Break-in Halts Jumpstart
September 21, 2004 4:17 PM
A repeat break-in leaves non-profit program in danger of temporary closure.
Over the weekend, an unidentified suspect broke into the HSS building, where the non-profit coalition Jumpstart is located and stole a computer, laptop and fax machine
For the second time in two weeks their office has been broken into. Seven digital cameras, a pocket personal computer and one video camera were stolen during the September 11th weekend.
“Our program can’t function now because they’ve stolen everything,” said Jumpstart site director Lygia Stebbing.
“They busted into five different offices this weekend--there’s no way to secure our office or equipment.”
Since the program is uninsured by the university, Jumpstart is left without any resources to continue their work. The mentoring staff won’t be paid on time because the coordinators don’t have the computer resources to enter and complete their pay roll, said Cindy Cervantes, the associate site director.
“This is the second time this has happened and all campus police told us to do was lock our windows,” said Cervantes. “It hurts because our organization is for kids from low-income communities, so stealing from us is like stealing from those kids.”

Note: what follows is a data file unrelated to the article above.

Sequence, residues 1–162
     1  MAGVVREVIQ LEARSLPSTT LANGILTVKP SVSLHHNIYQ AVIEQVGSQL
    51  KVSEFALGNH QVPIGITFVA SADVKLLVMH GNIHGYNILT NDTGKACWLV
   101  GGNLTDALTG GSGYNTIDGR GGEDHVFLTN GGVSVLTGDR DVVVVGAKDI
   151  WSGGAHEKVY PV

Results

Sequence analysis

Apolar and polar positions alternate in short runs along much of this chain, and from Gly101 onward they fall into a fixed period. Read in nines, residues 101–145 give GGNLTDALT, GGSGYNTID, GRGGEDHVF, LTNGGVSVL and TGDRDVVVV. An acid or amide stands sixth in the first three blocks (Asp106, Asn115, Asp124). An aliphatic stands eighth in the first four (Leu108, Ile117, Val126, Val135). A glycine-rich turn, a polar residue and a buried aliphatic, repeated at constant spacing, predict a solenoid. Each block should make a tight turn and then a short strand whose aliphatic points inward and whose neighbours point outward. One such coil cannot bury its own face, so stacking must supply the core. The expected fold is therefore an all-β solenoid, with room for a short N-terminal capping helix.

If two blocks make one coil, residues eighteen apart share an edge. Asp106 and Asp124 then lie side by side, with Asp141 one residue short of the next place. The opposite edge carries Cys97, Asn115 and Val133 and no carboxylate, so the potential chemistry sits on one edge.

Campus police are in possession of a videotape of the suspect from the first break-in, but are in the process of reviewing the surveillance tape.
“We have no suspects at this time,” said Sgt. Jennifer Schwartz of the campus police. “The investigation is still fresh.”
Jumpstart is aimed at providing mentoring and financial literacy education for students. The program pairs college students with low-income kindergarten through 12th graders for one year working on language, literacy and social skills.
The camera equipment stolen from the program was used to create picture books for the kids in the program, while the computer equipment stolen was used to store lesson plans for students and calculate Jumpstart’s payroll, said Stebbing.
“It’s ridiculous that this has happened again,” said Cervantes. “It is the worst time that this could have happened because we are still recovering from budget cuts.”
Team leader and mentor for the program, Alecsis Ducusin, is upset with the lack of action from campus police.
“These kids already lack a lot of things,” said Ducusin. “They look up to us for supplies and support and we don’t have anything for them now.”
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